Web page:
29 September 1995 Midinfrared fiber sensor for the in-situ detection of chlorinated hydrocarbons
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Proceedings Volume 2508, Chemical, Biochemical, and Environmental Fiber Sensors VII; (1995) https://doi.org/10.1117/12.221736
Event: European Symposium on Optics for Environmental and Public Safety, 1995, Munich, Germany
An infrared fiber optic sensor has been developed for the in situ detection of chlorinated hydrocarbons and other pollutant species in water. The sensing element consists of a silver halide fiber, coated with an appropriate polymer. The polymer both enriches the chemical species to be measured in the evanescent wave region of the fiber and serves to exclude water from the measurement region. Evanescent wave spectrometry is then used to accurately quantify chemical species such as chlorinated hydrocarbons which have their strongest absorption bands above 10 micrometers . In order to increase the evanescent absorbance signal, and therefore the sensitivity of the sensor, a number of novel launch designs and fiber configurations has been examined. Results from a range of such configurations are presented and conclusions are drawn regarding optimum sensor design.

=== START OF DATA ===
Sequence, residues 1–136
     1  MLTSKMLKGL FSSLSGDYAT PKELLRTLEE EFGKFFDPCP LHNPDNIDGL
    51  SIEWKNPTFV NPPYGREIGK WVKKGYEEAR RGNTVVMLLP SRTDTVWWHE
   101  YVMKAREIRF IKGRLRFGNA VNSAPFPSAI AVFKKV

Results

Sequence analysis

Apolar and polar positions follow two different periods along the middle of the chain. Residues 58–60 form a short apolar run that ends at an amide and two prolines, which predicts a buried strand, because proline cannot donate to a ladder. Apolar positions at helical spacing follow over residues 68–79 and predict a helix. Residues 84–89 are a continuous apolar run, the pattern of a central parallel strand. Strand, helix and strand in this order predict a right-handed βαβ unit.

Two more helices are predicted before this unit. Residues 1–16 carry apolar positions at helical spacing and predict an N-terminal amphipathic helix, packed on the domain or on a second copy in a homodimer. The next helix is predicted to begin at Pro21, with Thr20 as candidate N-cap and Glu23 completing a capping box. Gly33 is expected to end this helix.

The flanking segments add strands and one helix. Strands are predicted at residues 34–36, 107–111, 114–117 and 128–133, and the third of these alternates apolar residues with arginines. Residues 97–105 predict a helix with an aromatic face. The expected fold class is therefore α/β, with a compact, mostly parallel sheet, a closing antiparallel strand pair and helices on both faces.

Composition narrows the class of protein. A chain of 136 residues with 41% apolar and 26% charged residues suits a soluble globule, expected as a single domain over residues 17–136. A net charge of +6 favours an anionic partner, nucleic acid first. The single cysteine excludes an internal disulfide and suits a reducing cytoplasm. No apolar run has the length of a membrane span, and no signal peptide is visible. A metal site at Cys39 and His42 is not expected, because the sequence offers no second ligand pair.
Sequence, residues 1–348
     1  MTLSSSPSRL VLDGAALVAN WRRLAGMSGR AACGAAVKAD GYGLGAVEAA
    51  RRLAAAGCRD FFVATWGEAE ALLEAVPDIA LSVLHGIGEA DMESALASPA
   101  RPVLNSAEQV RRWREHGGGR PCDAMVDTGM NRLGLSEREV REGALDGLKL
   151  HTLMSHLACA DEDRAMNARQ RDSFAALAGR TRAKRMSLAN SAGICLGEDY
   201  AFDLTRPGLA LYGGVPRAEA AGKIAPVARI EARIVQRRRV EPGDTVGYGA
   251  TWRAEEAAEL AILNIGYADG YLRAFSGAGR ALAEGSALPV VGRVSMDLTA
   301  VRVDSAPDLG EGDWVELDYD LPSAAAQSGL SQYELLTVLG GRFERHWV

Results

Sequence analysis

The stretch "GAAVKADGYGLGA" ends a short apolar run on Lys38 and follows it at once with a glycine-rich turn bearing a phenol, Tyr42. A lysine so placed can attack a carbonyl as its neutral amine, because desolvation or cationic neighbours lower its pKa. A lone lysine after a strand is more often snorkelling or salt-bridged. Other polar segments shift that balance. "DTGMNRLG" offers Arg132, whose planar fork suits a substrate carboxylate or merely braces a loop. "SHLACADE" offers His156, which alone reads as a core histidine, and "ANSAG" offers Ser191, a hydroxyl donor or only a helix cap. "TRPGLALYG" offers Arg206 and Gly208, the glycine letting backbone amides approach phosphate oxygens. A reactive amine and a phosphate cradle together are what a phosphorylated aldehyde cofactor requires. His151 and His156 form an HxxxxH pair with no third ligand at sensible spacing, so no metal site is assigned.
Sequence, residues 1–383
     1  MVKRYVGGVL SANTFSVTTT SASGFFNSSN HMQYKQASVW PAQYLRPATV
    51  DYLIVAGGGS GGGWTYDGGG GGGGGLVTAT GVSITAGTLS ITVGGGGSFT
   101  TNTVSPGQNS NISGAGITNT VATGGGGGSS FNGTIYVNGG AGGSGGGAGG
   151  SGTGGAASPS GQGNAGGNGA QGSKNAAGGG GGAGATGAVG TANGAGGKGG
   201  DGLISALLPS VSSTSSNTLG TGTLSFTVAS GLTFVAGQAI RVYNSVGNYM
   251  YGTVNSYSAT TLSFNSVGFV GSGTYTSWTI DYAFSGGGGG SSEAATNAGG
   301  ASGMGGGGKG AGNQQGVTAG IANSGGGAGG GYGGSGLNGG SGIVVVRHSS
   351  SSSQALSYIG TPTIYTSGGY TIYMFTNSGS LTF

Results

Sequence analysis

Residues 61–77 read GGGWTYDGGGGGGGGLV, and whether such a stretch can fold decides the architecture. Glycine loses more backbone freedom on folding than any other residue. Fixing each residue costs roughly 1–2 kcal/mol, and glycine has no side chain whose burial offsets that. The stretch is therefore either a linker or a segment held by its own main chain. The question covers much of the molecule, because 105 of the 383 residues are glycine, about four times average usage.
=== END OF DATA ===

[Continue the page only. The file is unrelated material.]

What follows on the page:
© (1995) COPYRIGHT Society of Photo-Optical Instrumentation Engineers (SPIE). Downloading of the abstract is permitted for personal use only.
James Edward Walsh, James Edward Walsh, Brian D. MacCraith, Brian D. MacCraith, M. Meaney, M. Meaney, Johannes G. Vos, Johannes G. Vos, F. Regan, F. Regan, Antonio Lancia, Antonio Lancia, Vjacheslav G. Artioushenko, Vjacheslav G. Artioushenko, } "Midinfrared fiber sensor for the in-situ detection of chlorinated hydrocarbons", Proc. SPIE 2508, Chemical, Biochemical, and Environmental Fiber Sensors VII, (29 September 1995); doi: 10.1117/12.221736; https://doi.org/10.1117/12.221736

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